To make the printed plastic pieces conductive and thus amenable to electroplating, they were first pre-treated by a special procedure developed by the company Galvotec near Zurich. Once the first conductive layer was applied, the pieces could be treated as if they were metallic. The first step can be applied selectively to certain regions of the printed piece, so that the final device contains some areas that are metallic and conductive while others remain insulating.
This process enabled the researchers to build two electrically independent high-voltage electrodes from a single printed plastic piece and with the correct geometry for beam-splitting. Meanwhile, the procedure allows an almost free choice of the coating metal, including some that would be very hard to machine.
This approach also produced surfaces that have no scratches, recesses or abrasions. The molecular beam-splitter used to prove the new method is a structure based on very complex electrodes that require impeccable surface properties and high-precision alignment. "All of which comes for free when using the 3D-printing approach," says Andreas Osterwalder.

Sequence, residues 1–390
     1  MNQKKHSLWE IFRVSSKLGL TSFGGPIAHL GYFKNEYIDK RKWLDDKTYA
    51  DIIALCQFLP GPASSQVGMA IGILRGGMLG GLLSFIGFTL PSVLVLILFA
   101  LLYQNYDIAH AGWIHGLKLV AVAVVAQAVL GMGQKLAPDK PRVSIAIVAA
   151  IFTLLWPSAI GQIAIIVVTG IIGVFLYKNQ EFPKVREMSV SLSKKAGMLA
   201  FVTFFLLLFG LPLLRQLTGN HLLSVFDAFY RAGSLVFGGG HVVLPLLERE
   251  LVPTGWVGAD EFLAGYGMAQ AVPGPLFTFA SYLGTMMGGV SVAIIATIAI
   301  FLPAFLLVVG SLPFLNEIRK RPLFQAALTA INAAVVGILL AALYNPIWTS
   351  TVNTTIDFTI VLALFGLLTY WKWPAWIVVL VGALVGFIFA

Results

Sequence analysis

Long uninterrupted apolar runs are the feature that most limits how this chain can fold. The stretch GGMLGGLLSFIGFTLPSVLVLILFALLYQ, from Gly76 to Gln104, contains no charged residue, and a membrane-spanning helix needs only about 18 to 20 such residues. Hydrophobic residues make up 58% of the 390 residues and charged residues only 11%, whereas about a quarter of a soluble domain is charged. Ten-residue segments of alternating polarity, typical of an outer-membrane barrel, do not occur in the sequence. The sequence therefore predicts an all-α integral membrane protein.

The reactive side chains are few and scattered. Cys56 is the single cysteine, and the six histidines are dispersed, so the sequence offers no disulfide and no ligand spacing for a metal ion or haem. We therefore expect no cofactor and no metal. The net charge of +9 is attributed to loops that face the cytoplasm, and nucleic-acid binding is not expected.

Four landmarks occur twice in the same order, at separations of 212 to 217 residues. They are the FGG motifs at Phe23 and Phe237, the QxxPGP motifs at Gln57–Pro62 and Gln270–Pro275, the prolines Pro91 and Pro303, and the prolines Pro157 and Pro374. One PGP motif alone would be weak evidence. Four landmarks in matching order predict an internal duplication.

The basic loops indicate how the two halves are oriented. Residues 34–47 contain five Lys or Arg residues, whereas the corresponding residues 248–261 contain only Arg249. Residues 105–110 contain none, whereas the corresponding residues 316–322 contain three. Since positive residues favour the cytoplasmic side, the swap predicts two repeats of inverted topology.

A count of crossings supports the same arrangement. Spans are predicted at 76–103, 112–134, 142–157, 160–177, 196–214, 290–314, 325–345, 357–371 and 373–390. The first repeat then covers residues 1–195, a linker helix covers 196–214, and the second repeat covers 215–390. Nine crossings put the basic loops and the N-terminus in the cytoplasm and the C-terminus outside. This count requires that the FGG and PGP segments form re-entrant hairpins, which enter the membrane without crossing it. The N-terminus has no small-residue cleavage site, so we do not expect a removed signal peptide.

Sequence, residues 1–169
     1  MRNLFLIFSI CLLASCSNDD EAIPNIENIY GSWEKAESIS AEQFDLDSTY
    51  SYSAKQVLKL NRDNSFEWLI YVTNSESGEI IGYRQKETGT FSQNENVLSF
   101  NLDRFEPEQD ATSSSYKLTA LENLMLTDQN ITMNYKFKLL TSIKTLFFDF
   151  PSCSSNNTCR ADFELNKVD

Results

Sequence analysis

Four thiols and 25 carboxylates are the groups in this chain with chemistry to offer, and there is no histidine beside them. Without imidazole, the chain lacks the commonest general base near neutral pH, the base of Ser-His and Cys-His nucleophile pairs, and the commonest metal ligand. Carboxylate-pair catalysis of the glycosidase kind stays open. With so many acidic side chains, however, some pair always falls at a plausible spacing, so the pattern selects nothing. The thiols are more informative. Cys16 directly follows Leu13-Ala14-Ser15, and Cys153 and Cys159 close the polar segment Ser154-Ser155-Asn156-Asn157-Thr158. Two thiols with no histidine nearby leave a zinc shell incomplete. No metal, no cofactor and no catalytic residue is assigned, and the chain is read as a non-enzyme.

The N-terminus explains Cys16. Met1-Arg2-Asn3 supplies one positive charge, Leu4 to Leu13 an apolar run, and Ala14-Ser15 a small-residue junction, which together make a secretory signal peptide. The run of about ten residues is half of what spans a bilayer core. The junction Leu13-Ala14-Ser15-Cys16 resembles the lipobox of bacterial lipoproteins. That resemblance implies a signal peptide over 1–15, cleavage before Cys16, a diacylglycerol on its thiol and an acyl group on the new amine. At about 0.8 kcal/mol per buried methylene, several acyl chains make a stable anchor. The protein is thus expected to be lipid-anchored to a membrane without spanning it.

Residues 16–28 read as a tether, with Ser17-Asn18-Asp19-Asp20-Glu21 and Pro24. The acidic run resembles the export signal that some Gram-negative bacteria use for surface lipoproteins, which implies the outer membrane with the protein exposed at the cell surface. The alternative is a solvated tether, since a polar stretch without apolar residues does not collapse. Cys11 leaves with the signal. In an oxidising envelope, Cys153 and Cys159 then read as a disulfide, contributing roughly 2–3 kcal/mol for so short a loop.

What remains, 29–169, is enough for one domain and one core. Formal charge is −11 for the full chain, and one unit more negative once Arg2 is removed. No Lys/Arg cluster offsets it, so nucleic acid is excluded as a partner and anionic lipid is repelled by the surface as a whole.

Along with cost, the new 3D printing/electroplating method also drastically reduces production time: Traditional manufacturing for such structures can often take several months. But in the EPFL study, all the components were printed within 48 hours and electroplating only took a day. The shorter time allows for very fast turnover and more flexibility in the development and testing of new components.
Finally, 3D printing uses an entirely digital workflow -- the electrodes are printed directly from a computer and require no manual input. This means that an exact replica of a complete experimental setup can be reproduced anywhere by simply transferring a computer file.